This strategy assists patients in staying away from unhealthy coping behaviors and adopting healthier coping strategies when they confront emotionally stressful events.
As people with alcohol use problems are more likely to have mental health difficulties, DBT can be especially useful in these cases. It shows clients how to disentangle the links between a stressful environment and their behavior, paving the path for clarity in thought and action.
Motivational Interviewing (MI)
Motivational interviewing was developed to improve a person’s engagement in treatment activities and effectively reduce substance abuse. It expands on the phases of change, guiding individuals from planning a change to actively pursuing it. MI therapy can be used alone or in conjunction with other forms of treatment for alcoholism. MI is a short-term therapy that can be administered in individual and group settings.
A therapist will push you to examine the adverse effects of alcohol consumption. The focus is on why you decided to make a change in the first place. You explore any disparities between where you are, where you want to go, and how drug abuse hinders you. Efforts are made to overcome ambivalence toward recovery by addressing resistance to change.
A 12-Step Program is a supportive group where substance addiction concerns are openly discussed. Alcoholics Anonymous (A.A.) is the most well-known 12-Step Program, but there are also 12-Step Programs for addictions to Marijuana, Cocaine, Heroin, and even gambling.
A 12-Step Program gives mutual help to all group members, helping them to feel connected, important, and accountable for sobriety. A 12-Step Program complements other types of treatment and provides patients with something to talk about with their psychologists. The 12-Step Program is clearly effective in assisting people to achieve long-term sobriety.
Meditation and Yoga
Yoga and meditation can be useful methods for reducing cravings and staying concentrated throughout recovery. Some rehabilitation facilities even provide their own yoga and meditation classes.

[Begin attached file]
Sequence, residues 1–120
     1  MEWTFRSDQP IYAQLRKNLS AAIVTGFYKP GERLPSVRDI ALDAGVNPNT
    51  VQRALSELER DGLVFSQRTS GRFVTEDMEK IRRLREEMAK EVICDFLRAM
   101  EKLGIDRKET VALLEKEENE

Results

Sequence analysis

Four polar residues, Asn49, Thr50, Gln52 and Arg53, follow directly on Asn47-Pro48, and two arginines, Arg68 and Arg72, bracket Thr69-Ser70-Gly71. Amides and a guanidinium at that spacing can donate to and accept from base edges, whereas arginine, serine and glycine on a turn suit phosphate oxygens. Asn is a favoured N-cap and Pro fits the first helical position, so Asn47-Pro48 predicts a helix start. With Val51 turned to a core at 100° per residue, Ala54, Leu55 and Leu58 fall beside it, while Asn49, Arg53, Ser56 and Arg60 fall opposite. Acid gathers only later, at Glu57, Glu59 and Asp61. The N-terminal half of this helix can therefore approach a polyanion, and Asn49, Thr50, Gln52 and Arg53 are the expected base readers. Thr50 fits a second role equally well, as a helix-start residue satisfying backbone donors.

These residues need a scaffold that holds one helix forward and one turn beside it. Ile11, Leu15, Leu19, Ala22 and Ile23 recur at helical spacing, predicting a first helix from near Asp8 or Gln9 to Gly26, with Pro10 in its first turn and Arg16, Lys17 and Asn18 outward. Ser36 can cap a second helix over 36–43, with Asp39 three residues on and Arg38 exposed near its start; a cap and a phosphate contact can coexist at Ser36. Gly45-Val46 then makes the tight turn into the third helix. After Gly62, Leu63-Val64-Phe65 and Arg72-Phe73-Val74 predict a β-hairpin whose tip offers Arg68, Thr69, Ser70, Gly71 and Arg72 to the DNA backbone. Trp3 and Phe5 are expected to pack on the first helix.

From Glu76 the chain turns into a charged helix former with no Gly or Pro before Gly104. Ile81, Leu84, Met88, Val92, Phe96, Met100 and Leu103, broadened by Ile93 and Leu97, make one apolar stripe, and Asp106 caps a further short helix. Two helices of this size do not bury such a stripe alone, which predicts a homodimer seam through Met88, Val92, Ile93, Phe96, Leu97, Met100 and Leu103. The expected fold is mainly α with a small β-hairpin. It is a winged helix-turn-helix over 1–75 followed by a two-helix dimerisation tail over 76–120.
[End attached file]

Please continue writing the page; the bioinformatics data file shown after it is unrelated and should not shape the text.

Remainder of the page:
Yoga is a mix of physical and mental activities. The practice of yoga does not necessarily have to involve a spiritual or religious dimension. Meditation is any method of relaxation that aids in the maintenance of emotional stability and mental clarity.
Yoga and meditation can serve as therapy for those with drug use problems, especially if the sessions are directed by a mental health professional and are used in conjunction with other therapies.
Frequently Asked Questions (FAQs)
Is psychotherapy effective for alcoholism?
Psychotherapy helps patients know how to address their moods, feelings, and ideas in a healthier and more constructive manner than with alcohol. It teaches patients how to build coping skills and tactics, respond positively to challenges, and avoid relapse.
Which therapy is most suitable for alcoholism?
Cognitive Behavioral Therapy (CBT) is a recognized way of easing alcoholism. The core tenet of CBT is the importance of identifying negative thoughts and behaviors and replacing them with good ones. A CBT session consists of a chat between a psychologist and a patient.
Which psychotherapy is most effective for addiction?
The most successful coping-focused psychotherapies are those whose approaches are supported by scientific evidence. Cognitive-behavioral therapy is the most recommended type. People with addiction issues should also check out relapse prevention programs.
Overcome Alcohol Addiction with The Haven Detox
If you are your loved one is battling alcohol use disorder (AUD), then don’t worry; help is available, and recovery is possible. The Haven can help you recover from alcohol addiction in a safe and comfortable setting.
The Haven Detox has years of experience helping alcoholics overcome their addictions. We offer a variety of addiction treatment options to help our patients achieve physical, mental, and spiritual recovery.
Contact us at (561) 328-8627 today for any query or additional information.